Public sounds off on Common Core standards

Posted March 20, 2014

— Members of the public and representatives of think tanks, nonprofits and industry groups sounded off Thursday on North Carolina's adoption of Common Core standards, academic goals the state has adopted for its public school students. 

The standards are not a curriculum. Rather, they lay out what students need to know and be able to do. School districts and classroom teachers still decide how that material is taught. Although the state Department of Public Instruction has adopted the standards, lawmakers are considering reining in their implementation, paying particular attention to costs associated with testing. 

Nationally, the standards have become a point of political controversy. Although some high profile conservatives, such as former Florida Gov. Jeb Bush, support Common Core, other conservative groups and lawmakers have questioned why the new standards are needed. school, math Q&A: Common Core

The standards were developed by state and nonprofit leaders, and they have been embraced by President Barack Obama's Education Department. 

"First and foremost, it violates our U.S. Constitution," said Lynn Taylor, who identified herself as a private educator who has done research on Common Core standards.

Taylor expressed a common criticism of the standards, which is that they cede control of education to national and international groups.

"It replaces fact-based learning with feelings...For every second we allow these standards to survive, we chip away at students' love of learning," she said.

Parents of schoolchildren, especially those in primary grades, said the Common Core standards are unreasonably demanding. 

Johnston County mother Leslie Mills said she came to speak because she's worried about her children, especially her kindergartner, Elijah. 

"I've looked in depth at the common core standards specifically for my children and they are just not developmentally appropriate at all," Mills said.

"Children and parents across our state are crying," said concerned mother Kellie Crump. "They are frustrated, they're anxious and they're giving up."

Backers of the standards say they ensure students can move from school district to school district and prepare themselves for college and careers.

Mooresville High English teacher Nancy Gardner says education must evolve with technology. She says students these days have facts at their fingertips. "But if they don't know how to critically look at what they're seeing on the Internet, think about what that means, problem solve, then learn to write about that, communicate that, we're not setting them up for success." 

"Higher standards are crucial to achieving the most competent, competitive workforce in the region, the nation and the world," said Gary Salamido, vice president of government affairs at the North Carolina Chamber. "It is critical that we move forward with and build upon these higher standards."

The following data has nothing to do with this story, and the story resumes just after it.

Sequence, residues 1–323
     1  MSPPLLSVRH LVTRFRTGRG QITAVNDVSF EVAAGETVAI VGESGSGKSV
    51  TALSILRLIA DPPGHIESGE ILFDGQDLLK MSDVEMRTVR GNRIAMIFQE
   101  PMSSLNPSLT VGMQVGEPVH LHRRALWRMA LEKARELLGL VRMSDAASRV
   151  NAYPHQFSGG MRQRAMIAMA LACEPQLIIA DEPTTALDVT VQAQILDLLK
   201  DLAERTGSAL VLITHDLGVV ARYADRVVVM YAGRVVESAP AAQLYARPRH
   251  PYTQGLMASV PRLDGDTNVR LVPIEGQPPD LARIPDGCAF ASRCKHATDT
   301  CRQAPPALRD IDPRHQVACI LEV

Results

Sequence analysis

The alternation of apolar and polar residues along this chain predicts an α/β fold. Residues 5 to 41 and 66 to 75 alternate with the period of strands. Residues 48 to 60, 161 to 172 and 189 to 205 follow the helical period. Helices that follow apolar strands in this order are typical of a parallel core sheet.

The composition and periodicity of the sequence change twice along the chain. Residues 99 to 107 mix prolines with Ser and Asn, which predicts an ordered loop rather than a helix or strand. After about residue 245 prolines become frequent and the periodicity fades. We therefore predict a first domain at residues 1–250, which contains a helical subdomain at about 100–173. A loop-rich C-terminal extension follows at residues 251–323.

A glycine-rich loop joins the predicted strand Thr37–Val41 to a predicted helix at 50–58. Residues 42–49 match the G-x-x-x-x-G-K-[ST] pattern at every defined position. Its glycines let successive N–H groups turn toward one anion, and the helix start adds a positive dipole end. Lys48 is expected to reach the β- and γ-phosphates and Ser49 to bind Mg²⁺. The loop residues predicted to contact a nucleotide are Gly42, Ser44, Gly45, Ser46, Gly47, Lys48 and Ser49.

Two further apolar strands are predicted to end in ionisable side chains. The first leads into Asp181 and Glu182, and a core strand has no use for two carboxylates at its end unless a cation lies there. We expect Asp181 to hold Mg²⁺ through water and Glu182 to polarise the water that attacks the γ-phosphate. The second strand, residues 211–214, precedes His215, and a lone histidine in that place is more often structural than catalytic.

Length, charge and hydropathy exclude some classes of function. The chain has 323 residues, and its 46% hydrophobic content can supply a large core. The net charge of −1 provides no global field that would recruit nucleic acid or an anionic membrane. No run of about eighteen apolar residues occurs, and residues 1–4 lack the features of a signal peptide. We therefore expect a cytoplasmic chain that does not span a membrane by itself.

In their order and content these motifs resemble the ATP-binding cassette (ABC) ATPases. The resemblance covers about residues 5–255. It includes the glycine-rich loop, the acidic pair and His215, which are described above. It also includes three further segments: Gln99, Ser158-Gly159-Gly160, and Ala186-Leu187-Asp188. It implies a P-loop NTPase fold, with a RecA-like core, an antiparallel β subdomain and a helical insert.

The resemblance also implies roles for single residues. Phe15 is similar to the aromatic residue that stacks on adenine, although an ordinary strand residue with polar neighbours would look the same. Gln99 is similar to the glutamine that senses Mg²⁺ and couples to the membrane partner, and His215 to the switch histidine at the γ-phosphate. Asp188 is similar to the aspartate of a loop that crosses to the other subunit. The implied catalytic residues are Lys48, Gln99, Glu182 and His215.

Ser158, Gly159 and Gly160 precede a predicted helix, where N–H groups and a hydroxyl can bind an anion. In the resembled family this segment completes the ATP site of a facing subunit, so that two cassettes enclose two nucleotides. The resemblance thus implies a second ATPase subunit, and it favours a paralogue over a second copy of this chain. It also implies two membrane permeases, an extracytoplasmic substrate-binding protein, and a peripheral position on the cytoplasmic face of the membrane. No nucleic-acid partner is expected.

Many business groups back the standards because they say it will equip students with better reasoning skills and the ability to work cooperatively. However, that backing from industry raises suspicions among some opponents.

Some critics suggested that Common Core is a government conspiracy involving the United Nations and the Gates Foundation, which helped to fund the initial development of the standards. 

"This thing is about control," said Raynor James with the Coastal Carolina Taxpayers' Association, a Tea Party group. "Control of our children's education, control of their attitudes, control of our country at a later time.

"Common Core "fits a corporate agenda to teach our children to be slaves of corporations," said Scot Rapp, who identified himself as a teacher, "and when the interest of corporations takes precedence, that's fascism."

Rapp said that Common Core language standards shifted away from well-known novels to graphic novels, instruction manuals and "government propaganda on sustainability, which we know is a lie." 

Other critics suggested that the standards are immoral and negate parents' right to control what their children learn. 

Ramona Timm with the Stokes County Tea Party said she covered illustrations in her daughter's health textbook because they would have offended lawmakers. Holding it up, she said, "If you could see this, you'd know this book from age 10 years old is pornographic." 

Alan Hoyle, a self-described preacher, held up a Bible. "I am holding in my hand the textbook that has made America great," he said. Common Core "is pushing on our students sodomy, abortion, and feminism."   

Other teachers said the standards were good and encountered problems due to a quick roll-out.

"The fast implementation has created some of the negative groundswell that you've heard," said Mark Jewell, vice president of North Carolina Association of Educators. "It's not the standards - it’s the over-assessment and the time taken away from teaching."

Patrick Abele, an employee with Iredell-Statesville Schools and a parent, said Common Core helps students understand a subject beyond rote memorization.

"The standards help us go deeper with learning rather than skimming the surface of a topic or unit," Abele said. "The standards do not tell teachers how to teach. They simply specify to teachers what knowledge and skills their students should have."

Those who spoke against the standards returned to common themes. One parent said Common Core would require students to read books that may be inappropriate for their age. Others decried that the standards de-emphasized memorization of facts, and many said the standards would translate into a "one-size-fits-all" curriculum, often citing the experience of their own children.

"Common Core standards also violate a fundamental principle of our constitution: federalism," said Bob Luebke, with the Civitas Institute.

States, not the federal government or a national nonprofit group, should determine standards for students, Luebke said.